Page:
Envy: The Quiet Malignancy
The Old Testament book of I Kings, chapter 21, records an episode from the life of the wicked Samaritan king, Ahab. There were numerous outbreaks of appalling wickedness in the reign of Ahab, wickedness which has been too often duplicated in human history. However, the events in chapter 21 present an evil that has become virtually the cornerstone of American life entering the 21st century, the evil of envy.
The account concerns King Ahab, in all his wealth and prestige as king, becoming distraught because an ordinary citizen named Naboth possessed a vineyard which he desired but could not obtain. Ahab sought to negotiate a deal with Naboth for the vineyard, but was refused because it was part of Naboth's family inheritance. The passage indicates that Ahab owned vineyards, some of which were apparently superior to Naboth's. Nonetheless, Ahab wanted Naboth's vineyard and became emotionally distraught because he could not have it. Finally, under the counsel of his treacherous wife, Jezebel, Ahab authorized a scheme whereby Naboth was framed for a capitol offense and executed, allowing Ahab to confiscate the vineyard for himself.
Please understand Naboth neither wronged nor deprived Ahab of anything rightfully his by owning and refusing to sell his family vineyard. Ahab had vineyards and grapes enough. Yet, Ahab felt very much wronged and injured because Naboth possessed something he did not.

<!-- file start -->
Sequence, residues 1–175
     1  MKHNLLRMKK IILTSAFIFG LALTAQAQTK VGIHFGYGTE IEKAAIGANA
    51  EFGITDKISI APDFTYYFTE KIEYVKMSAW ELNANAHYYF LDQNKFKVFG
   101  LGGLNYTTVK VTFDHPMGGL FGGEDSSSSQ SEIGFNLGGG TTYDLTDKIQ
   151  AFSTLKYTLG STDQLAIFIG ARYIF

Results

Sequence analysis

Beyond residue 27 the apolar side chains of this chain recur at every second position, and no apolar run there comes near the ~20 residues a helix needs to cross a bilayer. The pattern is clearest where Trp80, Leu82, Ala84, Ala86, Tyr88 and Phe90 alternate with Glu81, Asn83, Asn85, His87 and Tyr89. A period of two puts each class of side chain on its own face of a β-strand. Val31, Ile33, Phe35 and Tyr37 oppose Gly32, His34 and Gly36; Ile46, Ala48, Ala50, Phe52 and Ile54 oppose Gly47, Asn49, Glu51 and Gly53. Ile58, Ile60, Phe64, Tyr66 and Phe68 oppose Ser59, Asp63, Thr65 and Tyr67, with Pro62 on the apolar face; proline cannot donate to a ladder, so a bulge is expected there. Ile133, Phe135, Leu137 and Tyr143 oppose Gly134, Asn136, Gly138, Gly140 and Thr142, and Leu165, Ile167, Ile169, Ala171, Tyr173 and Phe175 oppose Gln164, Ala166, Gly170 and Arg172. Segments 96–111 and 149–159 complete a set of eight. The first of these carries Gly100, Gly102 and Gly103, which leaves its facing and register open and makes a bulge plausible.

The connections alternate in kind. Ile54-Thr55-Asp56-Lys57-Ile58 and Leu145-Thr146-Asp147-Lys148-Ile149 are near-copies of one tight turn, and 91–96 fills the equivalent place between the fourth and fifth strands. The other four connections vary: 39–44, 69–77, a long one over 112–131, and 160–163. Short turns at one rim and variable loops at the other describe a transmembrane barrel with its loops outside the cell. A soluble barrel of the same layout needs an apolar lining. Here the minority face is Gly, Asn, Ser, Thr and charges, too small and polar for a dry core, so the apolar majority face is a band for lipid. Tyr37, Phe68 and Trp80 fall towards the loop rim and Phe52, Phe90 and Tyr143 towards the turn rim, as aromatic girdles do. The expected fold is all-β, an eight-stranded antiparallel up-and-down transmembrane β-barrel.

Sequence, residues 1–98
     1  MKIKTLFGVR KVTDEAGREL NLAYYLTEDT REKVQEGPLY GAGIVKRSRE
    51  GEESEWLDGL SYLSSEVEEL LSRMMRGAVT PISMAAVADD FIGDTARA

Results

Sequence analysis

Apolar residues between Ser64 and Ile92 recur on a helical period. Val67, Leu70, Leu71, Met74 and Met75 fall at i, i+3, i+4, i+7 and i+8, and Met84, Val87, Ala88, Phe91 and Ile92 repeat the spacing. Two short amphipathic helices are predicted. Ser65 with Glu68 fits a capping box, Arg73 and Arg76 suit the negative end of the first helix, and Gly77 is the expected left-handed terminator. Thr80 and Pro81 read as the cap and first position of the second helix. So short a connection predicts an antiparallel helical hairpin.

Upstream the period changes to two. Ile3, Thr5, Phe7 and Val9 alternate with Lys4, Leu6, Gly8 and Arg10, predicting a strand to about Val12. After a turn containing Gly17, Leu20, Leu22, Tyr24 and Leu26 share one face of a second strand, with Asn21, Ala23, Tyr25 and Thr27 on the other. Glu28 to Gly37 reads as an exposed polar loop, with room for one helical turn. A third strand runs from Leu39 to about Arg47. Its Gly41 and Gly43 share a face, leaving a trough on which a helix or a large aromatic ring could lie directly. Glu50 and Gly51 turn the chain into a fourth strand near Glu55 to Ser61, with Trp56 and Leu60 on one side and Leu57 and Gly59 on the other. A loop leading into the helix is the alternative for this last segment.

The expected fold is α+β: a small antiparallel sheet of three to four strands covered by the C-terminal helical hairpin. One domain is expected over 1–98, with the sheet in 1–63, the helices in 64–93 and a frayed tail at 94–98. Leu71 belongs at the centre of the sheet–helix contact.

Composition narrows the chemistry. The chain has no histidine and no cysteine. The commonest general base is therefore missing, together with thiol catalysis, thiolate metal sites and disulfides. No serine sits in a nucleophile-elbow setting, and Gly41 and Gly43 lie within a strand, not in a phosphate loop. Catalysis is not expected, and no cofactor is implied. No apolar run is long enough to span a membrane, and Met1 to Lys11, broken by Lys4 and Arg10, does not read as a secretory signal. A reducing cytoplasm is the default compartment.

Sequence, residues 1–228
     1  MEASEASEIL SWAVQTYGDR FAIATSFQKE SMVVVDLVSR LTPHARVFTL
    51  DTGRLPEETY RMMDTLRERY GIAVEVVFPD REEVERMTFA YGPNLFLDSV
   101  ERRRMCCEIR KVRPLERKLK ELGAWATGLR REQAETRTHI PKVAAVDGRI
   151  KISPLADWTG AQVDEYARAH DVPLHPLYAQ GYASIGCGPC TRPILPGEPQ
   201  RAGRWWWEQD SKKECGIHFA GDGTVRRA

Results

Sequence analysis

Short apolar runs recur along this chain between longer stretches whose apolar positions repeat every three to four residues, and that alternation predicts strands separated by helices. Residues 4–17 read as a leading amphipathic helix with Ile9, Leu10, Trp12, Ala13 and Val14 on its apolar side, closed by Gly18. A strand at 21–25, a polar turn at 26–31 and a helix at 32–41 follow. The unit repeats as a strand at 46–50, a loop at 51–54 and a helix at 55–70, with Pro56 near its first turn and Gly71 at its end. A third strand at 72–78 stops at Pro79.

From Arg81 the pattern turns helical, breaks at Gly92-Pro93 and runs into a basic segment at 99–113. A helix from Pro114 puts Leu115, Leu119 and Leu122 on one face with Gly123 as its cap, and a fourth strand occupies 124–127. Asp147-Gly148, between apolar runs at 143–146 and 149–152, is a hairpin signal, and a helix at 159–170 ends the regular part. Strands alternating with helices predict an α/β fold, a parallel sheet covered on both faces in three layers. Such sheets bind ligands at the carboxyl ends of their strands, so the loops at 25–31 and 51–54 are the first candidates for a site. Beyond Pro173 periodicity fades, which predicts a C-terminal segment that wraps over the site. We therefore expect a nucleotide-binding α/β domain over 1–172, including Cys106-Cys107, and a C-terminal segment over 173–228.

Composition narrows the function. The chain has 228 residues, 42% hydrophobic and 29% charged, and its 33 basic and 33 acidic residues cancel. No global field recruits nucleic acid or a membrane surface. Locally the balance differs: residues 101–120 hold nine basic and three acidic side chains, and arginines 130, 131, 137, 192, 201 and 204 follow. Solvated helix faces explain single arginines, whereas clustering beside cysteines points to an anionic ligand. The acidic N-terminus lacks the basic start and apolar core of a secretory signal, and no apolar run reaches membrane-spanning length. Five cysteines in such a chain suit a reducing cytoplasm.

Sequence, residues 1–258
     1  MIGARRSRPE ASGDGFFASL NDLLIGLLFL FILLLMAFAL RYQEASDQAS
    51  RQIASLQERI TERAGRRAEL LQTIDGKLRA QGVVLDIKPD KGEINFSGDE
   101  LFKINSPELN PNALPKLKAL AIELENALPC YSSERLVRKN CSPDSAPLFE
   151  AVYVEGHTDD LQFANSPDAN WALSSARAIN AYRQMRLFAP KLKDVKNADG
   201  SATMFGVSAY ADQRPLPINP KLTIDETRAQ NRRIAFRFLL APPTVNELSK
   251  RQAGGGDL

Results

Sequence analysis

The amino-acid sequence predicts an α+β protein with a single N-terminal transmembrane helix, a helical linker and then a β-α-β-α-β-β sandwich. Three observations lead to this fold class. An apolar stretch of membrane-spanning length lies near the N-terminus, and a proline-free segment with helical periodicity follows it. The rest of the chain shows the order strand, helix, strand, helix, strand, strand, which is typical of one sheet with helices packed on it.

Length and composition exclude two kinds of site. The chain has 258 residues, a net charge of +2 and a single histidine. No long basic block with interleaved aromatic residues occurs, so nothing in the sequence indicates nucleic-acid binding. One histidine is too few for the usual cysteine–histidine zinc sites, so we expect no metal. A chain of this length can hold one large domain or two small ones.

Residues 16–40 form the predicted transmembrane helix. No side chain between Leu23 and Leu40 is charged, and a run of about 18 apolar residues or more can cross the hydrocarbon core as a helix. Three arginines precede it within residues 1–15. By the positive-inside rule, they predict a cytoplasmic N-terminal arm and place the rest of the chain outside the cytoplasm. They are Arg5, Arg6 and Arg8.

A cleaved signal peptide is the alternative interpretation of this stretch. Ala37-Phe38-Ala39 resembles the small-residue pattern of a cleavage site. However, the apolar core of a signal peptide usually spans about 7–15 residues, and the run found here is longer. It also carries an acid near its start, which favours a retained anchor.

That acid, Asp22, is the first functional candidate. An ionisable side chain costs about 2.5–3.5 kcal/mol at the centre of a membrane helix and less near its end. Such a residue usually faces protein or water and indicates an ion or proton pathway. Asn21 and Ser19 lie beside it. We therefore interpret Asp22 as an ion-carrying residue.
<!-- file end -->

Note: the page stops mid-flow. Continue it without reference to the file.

Today we are told that our society is marked by a terrible evil, an evil which must be corrected by government. That evil being too great a difference between the wealthy and the average citizen. The commonly held assumption is that everyone ought to have basically the same amount of property. Thus, policies must be enacted to create greater equality in society, particularly the policy of unequal taxation for those whose possessions are greater. What is the moral basis of such thinking? Where is the evil in some possessing greater wealth than others, even than others can ever achieve? If a man owns a $10,000,000 house, has he deprived me of such a house? What right do I have to lay claim upon any portion of his wealth?
The prejudice against the wealthy and the attempts to force equality of wealth have but one explanation: envy and covetousness. These evils are the cause of much of the frustration and violence in our society. There is a pervasive suspicion, even hostility, toward those whose condition of life is superior to the majority. Why? The answer - envious hearts.
Yet, even more at the core of this attitude is the refusal to acknowledge the sovereignty of God in establishing the bounds of every person's habitation (Acts 17:26). It is grossly unjust for any society to create conditions which deny any racial or ethnic group the opportunity to advance through the appointed means of wise industry. However, God possesses the right to do as He pleases with His own creatures. And God has not equally endowed each human being with equal measures of intelligence, talent, strength, health, or opportunity. One indispensable factor to personal peace as well as societal order is to bow submissively before the sovereign dispensations of Providence while trusting Christ for the grace to be wise and good stewards of all that He has entrusted to us individually. Remember, everyone will be judged by what he has been given not by what has been withheld.